My wife and I both plant to retire in the next few years, we are currently 53 & 54 and have been able to achieve this by not accumulating a lot of stuff and by avoiding all debt. Our house has been paid off for 10 years, we paid for both of our children's educations. We also gave each of our children a $100,000 each to get their lives started. Our kids are very good with their own money, so it has been great to be able assist them as it iis very expensive toset up a home now. This has given us much more satisfaction than buying a huge house or 'vanity' vehicles that many with our financial resources seem to buy.
We will still be retiitring with around 2.5 million in investments and look forward to continuing to support the numerous charities we have supported long term. Much more satisfying than spending more on ourselves.
Live simply so others can just live...
Posted by: Cris | Feb 20, 2022 5:53:08 PM
You are an entitled, cocky, shameless jackass. We don't give a rat's ass about your material possessions.
What a burden for this Planet you are. Boo hoo! Patrick is right. And you shut the f up!
Posted by: Cris | Feb 20, 2022 5:55:09 PM
You too are an asshole. Living off somebody else's money. This is what your so-called investments are. Coming here and bragging about it. Disgusting!
Posted by: Cris | Feb 20, 2022 6:24:00 PM
Here come the parasites of the world to show off. Rememer Wall Street? The 'investments' they made in our names? Remember the CEOs? and their salaries? They don't work for the money, they invest the money. Meaning, the steal the money from the poor and live the good life while we are going down. Then, they show up on the blog to rub it in our faces. Nice, isn't it? There will come a day when you will have to count your pennies, because we are going to go after you.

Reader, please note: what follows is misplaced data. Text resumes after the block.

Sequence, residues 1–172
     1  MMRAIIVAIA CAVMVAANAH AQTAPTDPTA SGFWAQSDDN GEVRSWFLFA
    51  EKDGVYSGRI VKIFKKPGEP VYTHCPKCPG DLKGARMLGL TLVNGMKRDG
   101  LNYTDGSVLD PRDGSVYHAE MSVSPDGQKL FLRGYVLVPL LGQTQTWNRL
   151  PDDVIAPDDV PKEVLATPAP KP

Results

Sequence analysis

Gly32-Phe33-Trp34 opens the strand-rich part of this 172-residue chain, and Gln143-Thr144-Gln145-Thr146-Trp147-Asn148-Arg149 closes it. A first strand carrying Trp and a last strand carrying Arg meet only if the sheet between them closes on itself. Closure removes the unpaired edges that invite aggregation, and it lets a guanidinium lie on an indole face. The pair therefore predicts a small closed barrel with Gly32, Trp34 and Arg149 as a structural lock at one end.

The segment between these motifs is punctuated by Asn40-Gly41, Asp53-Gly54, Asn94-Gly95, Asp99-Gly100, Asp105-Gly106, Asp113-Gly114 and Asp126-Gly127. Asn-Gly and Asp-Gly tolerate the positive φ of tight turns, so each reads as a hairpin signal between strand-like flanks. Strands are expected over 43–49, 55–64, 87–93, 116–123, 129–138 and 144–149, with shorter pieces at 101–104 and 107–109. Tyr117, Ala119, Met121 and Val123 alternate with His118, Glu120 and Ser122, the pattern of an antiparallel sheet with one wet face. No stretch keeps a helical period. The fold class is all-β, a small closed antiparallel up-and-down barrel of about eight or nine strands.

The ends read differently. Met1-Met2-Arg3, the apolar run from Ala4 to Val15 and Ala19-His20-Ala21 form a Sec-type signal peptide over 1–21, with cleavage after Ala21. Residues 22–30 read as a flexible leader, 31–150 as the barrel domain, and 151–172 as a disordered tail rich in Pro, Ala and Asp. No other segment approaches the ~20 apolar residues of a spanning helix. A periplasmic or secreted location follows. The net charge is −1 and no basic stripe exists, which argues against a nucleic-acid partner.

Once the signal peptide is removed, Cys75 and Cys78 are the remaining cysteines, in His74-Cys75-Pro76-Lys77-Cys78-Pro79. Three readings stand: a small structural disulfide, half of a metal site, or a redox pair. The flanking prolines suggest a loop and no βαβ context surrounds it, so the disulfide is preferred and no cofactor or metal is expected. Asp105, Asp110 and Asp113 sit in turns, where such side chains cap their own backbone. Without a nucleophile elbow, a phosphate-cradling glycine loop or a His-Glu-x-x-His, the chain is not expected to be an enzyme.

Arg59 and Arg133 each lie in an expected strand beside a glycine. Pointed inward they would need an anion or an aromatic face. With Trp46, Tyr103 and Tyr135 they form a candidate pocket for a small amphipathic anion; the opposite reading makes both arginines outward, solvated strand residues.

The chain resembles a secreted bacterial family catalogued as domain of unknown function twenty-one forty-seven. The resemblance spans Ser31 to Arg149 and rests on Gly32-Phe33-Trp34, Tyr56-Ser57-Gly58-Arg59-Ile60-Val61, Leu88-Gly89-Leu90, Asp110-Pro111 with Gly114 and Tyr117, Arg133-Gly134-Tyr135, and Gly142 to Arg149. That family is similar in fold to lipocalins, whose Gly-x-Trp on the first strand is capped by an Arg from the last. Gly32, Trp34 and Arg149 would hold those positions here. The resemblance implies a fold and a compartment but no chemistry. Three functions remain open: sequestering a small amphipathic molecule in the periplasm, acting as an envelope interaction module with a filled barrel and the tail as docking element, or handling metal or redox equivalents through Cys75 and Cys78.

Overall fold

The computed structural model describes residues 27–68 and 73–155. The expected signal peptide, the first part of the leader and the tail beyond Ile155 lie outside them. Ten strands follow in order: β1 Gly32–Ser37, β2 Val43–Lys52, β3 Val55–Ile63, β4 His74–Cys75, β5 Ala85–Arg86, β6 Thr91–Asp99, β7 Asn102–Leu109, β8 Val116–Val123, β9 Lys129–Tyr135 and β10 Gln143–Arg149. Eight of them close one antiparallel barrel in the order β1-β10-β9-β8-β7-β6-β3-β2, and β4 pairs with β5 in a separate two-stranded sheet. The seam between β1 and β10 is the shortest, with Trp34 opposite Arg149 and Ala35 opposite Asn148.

Posted by: Really !! | Feb 20, 2022 8:22:20 PM
@Chris... I have a nice big jar of pennies I'm willing to hand over to you... for free. Then, if you're really smart (which may be doubtful), you can invest them in Ontario's grape industry and become a bigger whiner than you are. After you get rich, your momma will be really happy when you vacate her basement.
Posted by: Patrick | Feb 21, 2022 8:11:37 AM
Actually I've had a job since I was 12 years old. I put over 100,000 down on my house and worked 45+ hours per week during my summers to graduate University debt free. I also own my car 100% and have never carried consumer debt.
Sorry I wasn't born into the easiest job market the western world has ever known. Sorry people my age today, despite being better educated than your generation or the generation after, still faces record levels of underemployment and unemployment.
I've never sponged off the taxpayers and don't ever plan on it Jack. Apt that your name is Jack because you certainly don't know jack.
Expecting the younger generation to kickstart the economy by spending themselves into oblivion. What a joke.
Posted by: Troy | Feb 21, 2022 12:12:10 PM
It's no sense trying to talk to people like Cris or Jack... THEY are the ones with the feelings of entitlement. They look at people like you, that have made a SIZABLE amount of money, and think, "That's not fair! They should give some of that to us." (For nothing in return, of course...) I look at that and think, "Good for him. Sounds like he worked for what he got, had talent, and was in the right places at the right times."
Granted, you're also FAR above the average Canadian Boomer, who is more likely to be only worth 2-300k in total, rather than 2 mil or more. These younger ones are also correct in how the Boomers don't understand their situation. An automatic job with a College degree? No more. Automatically being successful by working hard and proving yourself? Not these days. With the reclining economy, rising population, immigration and standard of education, plus increased regulation by government, it's much harder to 'go at it' and get somewhere anymore. Couple that with the greatly inflated costs of food, housing, transportation...what have you, and it's the perfect recipe to keep these people 'behind the eight-ball'. Which makes the resentment they feel when they look at the generation that were better rewarded for their efforts, a bit more understandable, if unwarranted.